While I can't comment on the part of your question about the math skill level required to study Business, I'm really interested in the second part of your question about finding a job related to using your expertise to help others.
I think there are two ways in which you can do this:
- Train in a field which focuses on education or coaching (teaching, life/career coach, etc.)
- Establish which topics you are most interested in and eventually, through experience and quality of work, you will automatically fall into a role in which you will find yourself advising others
With regard to my second point above, any field of work needs mentors in that particular field, but to become a mentor of any sort you will need time in the role to be able to pass on that experience to others.
As to your point about finding it hard to imagine being a career coach when you're not even sure what you want to do with your own career, bear in mind that being a coach is not about having answers for people. Coaching other people is about helping them find their own answers to their own questions.
Seeing as you are quite open-ended about your interests right now, I would really recommend thinking deeply about the jobs you have enjoyed so far and identifying why you liked them. E.g. Do you like customer service related tasks because of the interaction with the customer? Did you enjoy advising incoming college students because you take pleasure is helping people who are in new environments? There are a million answers to the 'why' question but only you can identify the answers. Being able to identify the driving factors behind the enjoyment you felt doing certain tasks will help you analyse many careers to see if they include those factors, and should help you pick something suitable to you.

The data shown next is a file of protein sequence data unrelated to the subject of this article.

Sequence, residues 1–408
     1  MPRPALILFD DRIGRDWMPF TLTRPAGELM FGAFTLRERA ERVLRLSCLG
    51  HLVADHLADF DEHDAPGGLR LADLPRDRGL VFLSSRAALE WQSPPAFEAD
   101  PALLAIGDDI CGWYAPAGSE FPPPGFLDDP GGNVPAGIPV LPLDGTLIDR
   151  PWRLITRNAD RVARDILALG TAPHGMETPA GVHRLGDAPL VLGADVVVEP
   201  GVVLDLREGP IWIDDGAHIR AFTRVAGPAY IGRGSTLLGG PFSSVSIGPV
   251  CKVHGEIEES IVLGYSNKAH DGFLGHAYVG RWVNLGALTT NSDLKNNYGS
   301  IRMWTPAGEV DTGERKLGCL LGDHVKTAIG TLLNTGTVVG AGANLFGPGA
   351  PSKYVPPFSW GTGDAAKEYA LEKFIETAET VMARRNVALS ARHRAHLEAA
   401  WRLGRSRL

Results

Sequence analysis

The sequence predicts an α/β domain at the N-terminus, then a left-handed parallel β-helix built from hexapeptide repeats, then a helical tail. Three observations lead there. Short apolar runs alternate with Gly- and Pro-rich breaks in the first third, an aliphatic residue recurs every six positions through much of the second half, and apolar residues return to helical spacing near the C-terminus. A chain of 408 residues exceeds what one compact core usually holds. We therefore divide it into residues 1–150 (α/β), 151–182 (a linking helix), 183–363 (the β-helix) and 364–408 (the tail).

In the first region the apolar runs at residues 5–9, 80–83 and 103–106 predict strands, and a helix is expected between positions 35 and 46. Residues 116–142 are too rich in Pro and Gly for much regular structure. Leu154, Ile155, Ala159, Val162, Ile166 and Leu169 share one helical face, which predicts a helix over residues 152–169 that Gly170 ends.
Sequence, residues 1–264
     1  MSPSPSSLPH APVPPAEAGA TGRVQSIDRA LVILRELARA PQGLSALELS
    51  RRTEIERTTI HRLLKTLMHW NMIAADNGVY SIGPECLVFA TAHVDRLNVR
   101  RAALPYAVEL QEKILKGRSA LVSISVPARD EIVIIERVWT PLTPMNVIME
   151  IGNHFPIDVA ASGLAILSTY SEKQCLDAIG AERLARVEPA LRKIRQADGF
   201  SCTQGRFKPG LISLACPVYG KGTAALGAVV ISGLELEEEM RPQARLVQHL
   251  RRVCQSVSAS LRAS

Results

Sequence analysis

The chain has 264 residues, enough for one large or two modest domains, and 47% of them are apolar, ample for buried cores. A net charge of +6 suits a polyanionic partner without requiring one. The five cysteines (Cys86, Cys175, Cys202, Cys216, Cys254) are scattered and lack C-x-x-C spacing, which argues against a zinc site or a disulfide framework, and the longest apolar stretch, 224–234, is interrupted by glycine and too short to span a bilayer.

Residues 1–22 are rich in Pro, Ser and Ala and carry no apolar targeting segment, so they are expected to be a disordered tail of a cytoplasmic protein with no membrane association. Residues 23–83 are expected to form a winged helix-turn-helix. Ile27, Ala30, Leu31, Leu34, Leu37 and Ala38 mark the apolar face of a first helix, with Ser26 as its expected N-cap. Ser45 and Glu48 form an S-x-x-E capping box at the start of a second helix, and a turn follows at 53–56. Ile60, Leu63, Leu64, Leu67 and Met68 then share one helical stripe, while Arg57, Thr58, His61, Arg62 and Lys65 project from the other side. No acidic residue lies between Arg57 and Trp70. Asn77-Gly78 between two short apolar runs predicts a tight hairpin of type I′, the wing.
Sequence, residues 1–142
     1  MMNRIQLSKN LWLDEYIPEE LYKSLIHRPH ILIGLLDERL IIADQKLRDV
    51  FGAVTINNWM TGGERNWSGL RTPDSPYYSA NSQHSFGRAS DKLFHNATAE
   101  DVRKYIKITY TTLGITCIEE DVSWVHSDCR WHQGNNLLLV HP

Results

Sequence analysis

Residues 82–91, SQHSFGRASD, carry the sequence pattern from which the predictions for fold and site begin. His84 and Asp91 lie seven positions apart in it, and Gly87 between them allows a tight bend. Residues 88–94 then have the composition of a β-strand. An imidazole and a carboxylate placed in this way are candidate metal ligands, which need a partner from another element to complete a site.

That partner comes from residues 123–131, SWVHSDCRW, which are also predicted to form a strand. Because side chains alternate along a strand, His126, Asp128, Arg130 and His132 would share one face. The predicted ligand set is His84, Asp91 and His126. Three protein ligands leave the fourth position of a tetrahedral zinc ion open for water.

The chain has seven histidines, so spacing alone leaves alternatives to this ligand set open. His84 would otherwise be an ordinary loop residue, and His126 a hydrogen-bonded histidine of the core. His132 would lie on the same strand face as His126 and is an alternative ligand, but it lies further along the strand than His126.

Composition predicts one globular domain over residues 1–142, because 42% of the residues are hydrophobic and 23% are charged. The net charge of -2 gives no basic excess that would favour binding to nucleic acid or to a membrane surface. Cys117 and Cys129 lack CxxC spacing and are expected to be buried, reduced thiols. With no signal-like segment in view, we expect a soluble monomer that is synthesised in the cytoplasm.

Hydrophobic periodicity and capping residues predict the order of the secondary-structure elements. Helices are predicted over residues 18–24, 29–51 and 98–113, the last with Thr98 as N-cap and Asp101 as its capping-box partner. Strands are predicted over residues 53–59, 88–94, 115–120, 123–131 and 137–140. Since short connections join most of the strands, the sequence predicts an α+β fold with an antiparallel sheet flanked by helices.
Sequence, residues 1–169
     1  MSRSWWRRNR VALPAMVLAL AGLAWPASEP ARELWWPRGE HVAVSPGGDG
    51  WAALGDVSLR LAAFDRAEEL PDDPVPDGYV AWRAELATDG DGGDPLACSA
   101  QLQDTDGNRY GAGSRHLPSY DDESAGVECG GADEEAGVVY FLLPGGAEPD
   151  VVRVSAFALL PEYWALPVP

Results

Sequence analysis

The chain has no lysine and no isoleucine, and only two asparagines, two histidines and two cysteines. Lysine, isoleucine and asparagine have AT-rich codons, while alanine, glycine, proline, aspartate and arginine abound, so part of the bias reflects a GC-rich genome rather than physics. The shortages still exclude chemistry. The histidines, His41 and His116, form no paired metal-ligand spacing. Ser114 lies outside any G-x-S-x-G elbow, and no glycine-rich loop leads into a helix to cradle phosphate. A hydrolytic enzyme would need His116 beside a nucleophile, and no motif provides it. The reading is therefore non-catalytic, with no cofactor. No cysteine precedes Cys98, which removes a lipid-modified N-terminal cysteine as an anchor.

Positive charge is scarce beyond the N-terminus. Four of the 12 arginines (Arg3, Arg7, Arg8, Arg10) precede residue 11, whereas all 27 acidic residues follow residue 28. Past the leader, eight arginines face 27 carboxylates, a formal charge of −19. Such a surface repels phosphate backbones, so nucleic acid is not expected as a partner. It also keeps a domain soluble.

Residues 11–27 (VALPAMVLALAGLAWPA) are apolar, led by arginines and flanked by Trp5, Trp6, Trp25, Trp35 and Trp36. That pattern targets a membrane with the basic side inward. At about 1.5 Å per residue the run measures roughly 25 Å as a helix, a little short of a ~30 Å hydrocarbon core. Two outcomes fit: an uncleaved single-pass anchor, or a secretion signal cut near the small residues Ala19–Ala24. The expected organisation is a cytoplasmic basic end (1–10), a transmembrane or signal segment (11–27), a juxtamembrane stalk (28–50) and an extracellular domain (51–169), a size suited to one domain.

Hannah recommends the following next steps:
- Identify why certain areas of the jobs you have enjoyed so far appealed to you